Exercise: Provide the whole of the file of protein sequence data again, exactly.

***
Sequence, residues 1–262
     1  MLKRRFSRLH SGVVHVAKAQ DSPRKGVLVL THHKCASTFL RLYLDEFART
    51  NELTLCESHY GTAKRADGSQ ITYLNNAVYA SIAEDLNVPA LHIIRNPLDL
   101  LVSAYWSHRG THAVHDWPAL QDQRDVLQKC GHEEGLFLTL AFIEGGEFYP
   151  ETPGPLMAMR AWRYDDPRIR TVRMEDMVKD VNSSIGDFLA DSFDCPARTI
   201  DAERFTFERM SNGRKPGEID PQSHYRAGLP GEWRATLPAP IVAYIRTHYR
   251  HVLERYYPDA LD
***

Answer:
Sequence, residues 1–262
     1  MLKRRFSRLH SGVVHVAKAQ DSPRKGVLVL THHKCASTFL RLYLDEFART
    51  NELTLCESHY GTAKRADGSQ ITYLNNAVYA SIAEDLNVPA LHIIRNPLDL
   101  LVSAYWSHRG THAVHDWPAL QDQRDVLQKC GHEEGLFLTL AFIEGGEFYP
   151  ETPGPLMAMR AWRYDDPRIR TVRMEDMVKD VNSSIGDFLA DSFDCPARTI
   201  DAERFTFERM SNGRKPGEID PQSHYRAGLP GEWRATLPAP IVAYIRTHYR
   251  HVLERYYPDA LD